The aim of this review is to describe the effects induced by local temperature changes on human skeletal muscle metabolism. More specifically, we will consider the influence of temperature on the mechanical properties of muscle contraction, on aerobic metabolism, anaerobic metabolism and on the Lohmann reaction. The text has been voluntarily organized on the basis of a simple bioenergetic model describing the different energy fluxes appearing in the muscle system. This approach should better highlight some of the points that still need to be investigated. Although it was not always possible to restrict the discussion to human muscle, the references report mainly data obtained directly on humans or on isolated human fibres. A short comment on skeletal muscle temperature measurement techniques, on humans, is also included.
A safe, convenient, sound and healthy living environment is the prerequisite for a good house for the people with special needs. The intention of making a house in such a way that it solves basic problems of fixture and fittings. However the construction phase of a good house is a critical to design inside and outside structures. Often the builders do not know all the factors to be considered that can maintain a safe, hygienic and healthy environment. It is believed that when housing is ergonomically furnished, then a maximum benefit will be achieved. To meet with an individual's specific needs, an analysis of user's requirement is the most important factors to be considered in the design of special houses. Users' data such as anthropometric dimension, users' choices and preferences are also necessary to design a suitable living environment. In this regard, this paper illustrates some ergonomic features to design and develop good houses in terms of how people with restricted mobility and communication can truly be helped residing in their homes and performing their daily living activities. Users' social, medical and engineering needs are highlighted following the process of disability, ageing, or impairments to achieve the maximum level of benefits, and ensuring safe and sound living.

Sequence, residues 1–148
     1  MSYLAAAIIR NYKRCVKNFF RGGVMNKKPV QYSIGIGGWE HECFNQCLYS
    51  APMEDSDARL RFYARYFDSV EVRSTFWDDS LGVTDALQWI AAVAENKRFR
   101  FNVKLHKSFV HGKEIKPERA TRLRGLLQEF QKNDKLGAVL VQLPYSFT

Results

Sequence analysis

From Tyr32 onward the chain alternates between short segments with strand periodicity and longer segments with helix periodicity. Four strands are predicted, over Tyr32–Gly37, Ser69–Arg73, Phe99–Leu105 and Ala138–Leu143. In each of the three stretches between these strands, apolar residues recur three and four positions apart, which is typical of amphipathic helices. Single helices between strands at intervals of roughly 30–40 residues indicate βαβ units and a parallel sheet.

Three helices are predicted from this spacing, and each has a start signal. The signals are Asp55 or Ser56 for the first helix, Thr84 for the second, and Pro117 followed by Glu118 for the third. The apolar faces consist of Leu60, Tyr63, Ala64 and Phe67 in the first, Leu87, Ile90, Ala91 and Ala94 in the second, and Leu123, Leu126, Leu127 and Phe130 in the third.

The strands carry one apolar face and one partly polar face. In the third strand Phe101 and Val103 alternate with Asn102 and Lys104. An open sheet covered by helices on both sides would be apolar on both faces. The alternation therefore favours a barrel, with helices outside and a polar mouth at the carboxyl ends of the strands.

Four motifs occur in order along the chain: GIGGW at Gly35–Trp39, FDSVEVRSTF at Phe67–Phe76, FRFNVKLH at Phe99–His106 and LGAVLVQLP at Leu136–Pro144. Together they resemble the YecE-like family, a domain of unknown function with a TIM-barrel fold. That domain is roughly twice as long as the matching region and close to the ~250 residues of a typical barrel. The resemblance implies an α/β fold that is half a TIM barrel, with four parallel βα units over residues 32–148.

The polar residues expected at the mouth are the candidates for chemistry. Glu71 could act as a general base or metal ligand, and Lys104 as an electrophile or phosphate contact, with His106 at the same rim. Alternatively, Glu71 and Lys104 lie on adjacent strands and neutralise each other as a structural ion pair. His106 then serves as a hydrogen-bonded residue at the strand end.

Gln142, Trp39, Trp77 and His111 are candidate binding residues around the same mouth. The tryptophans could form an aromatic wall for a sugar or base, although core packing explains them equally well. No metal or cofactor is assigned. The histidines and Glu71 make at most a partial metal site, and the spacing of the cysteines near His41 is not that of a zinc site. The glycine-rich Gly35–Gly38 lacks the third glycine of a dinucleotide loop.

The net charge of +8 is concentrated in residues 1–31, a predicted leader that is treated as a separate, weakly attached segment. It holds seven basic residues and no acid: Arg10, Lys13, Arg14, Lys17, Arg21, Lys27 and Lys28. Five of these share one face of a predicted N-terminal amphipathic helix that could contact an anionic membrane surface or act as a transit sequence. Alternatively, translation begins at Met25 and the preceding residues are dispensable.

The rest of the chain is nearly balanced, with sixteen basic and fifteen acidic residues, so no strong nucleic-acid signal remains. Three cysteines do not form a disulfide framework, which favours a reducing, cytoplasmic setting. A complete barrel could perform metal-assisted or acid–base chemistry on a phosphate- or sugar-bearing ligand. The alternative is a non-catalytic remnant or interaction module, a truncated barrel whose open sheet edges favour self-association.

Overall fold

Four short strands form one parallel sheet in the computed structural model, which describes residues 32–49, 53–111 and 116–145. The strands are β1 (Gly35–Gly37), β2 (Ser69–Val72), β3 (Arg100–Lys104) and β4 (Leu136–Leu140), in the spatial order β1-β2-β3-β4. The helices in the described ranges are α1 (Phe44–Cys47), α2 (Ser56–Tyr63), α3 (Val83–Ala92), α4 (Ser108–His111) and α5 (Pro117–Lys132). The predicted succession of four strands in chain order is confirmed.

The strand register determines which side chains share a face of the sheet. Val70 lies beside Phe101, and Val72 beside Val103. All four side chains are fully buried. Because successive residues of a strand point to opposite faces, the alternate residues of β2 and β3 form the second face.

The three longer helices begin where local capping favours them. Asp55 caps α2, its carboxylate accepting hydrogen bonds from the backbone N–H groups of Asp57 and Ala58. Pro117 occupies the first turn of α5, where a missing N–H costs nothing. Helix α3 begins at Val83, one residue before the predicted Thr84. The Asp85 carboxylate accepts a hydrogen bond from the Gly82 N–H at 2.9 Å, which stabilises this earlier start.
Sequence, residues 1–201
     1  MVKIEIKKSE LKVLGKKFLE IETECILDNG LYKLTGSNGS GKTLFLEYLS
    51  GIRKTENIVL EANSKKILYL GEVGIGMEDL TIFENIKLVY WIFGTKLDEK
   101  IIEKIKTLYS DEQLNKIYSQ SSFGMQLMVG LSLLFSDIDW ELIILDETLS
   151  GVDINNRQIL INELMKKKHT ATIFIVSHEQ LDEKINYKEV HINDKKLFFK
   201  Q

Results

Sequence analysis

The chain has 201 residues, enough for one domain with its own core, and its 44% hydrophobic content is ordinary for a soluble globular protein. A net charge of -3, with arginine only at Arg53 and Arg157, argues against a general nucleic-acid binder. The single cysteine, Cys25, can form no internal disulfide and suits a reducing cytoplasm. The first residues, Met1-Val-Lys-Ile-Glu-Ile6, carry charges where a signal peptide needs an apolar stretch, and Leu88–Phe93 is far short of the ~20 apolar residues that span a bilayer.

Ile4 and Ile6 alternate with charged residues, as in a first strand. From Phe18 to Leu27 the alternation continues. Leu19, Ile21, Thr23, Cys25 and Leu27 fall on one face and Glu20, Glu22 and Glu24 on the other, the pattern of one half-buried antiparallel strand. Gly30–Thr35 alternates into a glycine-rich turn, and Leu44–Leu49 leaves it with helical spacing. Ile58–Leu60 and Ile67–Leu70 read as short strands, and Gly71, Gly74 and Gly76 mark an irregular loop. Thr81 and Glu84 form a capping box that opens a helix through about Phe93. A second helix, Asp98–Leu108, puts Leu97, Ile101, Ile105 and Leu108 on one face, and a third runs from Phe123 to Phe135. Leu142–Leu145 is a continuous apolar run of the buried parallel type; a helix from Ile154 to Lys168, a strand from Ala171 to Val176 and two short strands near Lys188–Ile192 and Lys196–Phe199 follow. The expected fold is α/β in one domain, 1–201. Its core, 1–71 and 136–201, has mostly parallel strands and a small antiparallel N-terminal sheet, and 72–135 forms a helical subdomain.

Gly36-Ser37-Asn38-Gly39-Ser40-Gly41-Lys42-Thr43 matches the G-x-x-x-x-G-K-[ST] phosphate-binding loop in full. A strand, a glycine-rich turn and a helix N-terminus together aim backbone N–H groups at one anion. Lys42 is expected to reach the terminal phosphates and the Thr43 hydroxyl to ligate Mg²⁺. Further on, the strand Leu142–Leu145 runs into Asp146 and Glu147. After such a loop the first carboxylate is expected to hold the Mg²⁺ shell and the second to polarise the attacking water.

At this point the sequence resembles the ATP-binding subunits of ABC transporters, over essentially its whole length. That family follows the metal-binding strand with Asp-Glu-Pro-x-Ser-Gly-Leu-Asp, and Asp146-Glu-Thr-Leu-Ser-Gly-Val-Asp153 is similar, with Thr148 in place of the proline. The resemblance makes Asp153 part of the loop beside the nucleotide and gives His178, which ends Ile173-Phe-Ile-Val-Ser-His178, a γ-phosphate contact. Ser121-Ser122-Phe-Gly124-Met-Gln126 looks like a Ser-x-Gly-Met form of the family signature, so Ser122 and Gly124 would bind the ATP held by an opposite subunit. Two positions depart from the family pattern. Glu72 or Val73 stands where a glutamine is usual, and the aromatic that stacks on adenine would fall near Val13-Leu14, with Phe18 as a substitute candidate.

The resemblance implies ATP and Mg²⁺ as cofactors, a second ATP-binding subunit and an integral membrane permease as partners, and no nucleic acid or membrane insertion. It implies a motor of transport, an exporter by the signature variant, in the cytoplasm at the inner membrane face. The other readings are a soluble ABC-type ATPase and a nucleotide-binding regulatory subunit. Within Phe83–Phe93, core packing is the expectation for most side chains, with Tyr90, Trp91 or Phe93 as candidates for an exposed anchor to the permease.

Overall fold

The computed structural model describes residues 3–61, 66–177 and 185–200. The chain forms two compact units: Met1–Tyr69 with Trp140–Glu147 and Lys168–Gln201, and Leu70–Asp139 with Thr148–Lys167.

An assistive device is designed to accommodate the special needs of disability that can help people with physical, mental or cognitive challenges go through their day-to-day activities with less difficulty. An assistive device usually provide alternatives to functional limitations imposed by the client's disorder, and thereby minimising rehabilitation costs. It is therefore important to know about how assistive technology will function in all the possible aspects of such disabilities and impairements. When designing a technical device, particularly in conjunction with the target user group, ergonomic issues are therefore important to find out the extent to which an assistive device is convenient or not, and to check the quality performance of assistive technology. Since the question of the match or mismatch of an assistive device and a disabled person requires much attention, it is therefore suggested that paying attention on how an assistive device be ergonomically designed and developed is important. Ergonomic applications are to be applied for increasing motivation of prospective customers through innovative performance of AT. The authors believe that there are opportunities in ergonomic applications to manufacture an assistive device as unique, cost saving, and allows less exertation and reduces energy consumption when it is used. Hence this paper highlights human factors and/or ergonomics consideration in the process of design and development of assistive devices synchronising with gerontechnological research and development aiming to emphasise user's requirement.